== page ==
Personal Income Tax Returns & Expatriates: Basis for Additional Requirement for Filing – By Bashir Ramoni, FCTI

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Introduction

According to Sections 37 and 54 of Personal Income Tax Act, Cap P4, LFN, 2004 as amended herein referred to as “the Act”, the State Government as the relevant tax authority is empowered to collect the personal income tax from every employee resident within its geographical territory. This includes foreigners otherwise known as “expatriates” who work, reside and earn income within the State. Pursuant to this legal order, the Lagos State Internal revenue Service (LIRS) has also been in the lead to enforce the provision of the law.

In furtherance of compliance with the Act, every employee is obligated to file tax returns in a prescribed form (Form A) within 90 days of the commencement of every year i.e. on or before the 31st of March of every year as contained in Section 41 of the Act. This tax returns enables the government ascertains the taxable income of every income earner for the purpose of determining the tax liability of the tax payer. Amongst the relevant information to be provided in the Form A are:

  1. particulars of employee
  2. the source of income
  3. amount of income
  4. allowance (Pension scheme, health scheme, life insurance scheme)
  5. relief (statutory relief,
  6. rent (where applicable)
  7. particulars of dependants (if any)
  8. particulars of children (if any)
  9. deduction (expenses such as transport, feeding and subscriptions incurred for earning the income)
  10. benefit in kind (BIK where applicable)
  11. taxable income

Recently, the LIRS has by a public notice issued called for additional information or further returns consequently modifying the information and documentation required by expatriate employees for the purpose of income tax in filing their tax returns as follows:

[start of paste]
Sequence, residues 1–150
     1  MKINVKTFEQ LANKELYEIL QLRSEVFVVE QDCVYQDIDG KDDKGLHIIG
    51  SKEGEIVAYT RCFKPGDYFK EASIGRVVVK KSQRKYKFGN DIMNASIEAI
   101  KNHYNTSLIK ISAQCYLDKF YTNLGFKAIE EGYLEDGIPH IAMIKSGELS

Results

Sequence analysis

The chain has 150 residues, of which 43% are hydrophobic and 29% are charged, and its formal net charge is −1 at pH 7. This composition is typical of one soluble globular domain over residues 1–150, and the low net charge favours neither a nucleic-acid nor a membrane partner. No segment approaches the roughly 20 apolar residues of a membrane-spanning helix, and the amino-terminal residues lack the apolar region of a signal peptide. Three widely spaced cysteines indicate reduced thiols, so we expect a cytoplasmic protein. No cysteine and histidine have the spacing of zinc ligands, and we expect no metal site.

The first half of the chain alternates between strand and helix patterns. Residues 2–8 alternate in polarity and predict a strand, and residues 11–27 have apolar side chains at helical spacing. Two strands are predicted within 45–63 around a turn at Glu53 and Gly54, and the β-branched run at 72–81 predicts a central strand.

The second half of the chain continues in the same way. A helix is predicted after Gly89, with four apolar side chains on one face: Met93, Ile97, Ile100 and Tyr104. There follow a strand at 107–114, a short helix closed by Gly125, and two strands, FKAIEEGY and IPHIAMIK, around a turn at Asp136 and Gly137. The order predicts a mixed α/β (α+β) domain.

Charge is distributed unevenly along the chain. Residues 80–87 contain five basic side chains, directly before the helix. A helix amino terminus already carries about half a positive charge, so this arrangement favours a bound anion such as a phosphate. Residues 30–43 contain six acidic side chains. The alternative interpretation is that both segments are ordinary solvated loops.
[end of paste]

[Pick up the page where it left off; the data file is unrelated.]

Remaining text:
1. Contract of employment;
  2. Residential premises’ rental agreement; and
  3. Schedule of benefits in kind received from his employers.

Importance of the modification

The modification has a far reaching implication which every employer must comply being an exercise of the statutory powers of the tax authority. First, it enable the tax authority identify the residence of the expatriate so as to avoid conflict of authority between two coordinate relevant tax authorities that share or have common borderline. Evidence abounds that many employees indeed work and earn income in Lagos State but actually residents in the neighbouring Ogun State. It affords the tax authority the benefit of ascertaining the actual amount payable as rent so as to determine the withholding tax accruable in the hands; additionally, it enable the tax authority trace the tenure of the employment of the expatriates. Above all, it provides an avenue to collate foreigners’ data within the State. It is another measure designed to close unlawful ejections in the name of tax evasion and unlawful material non-disclosure.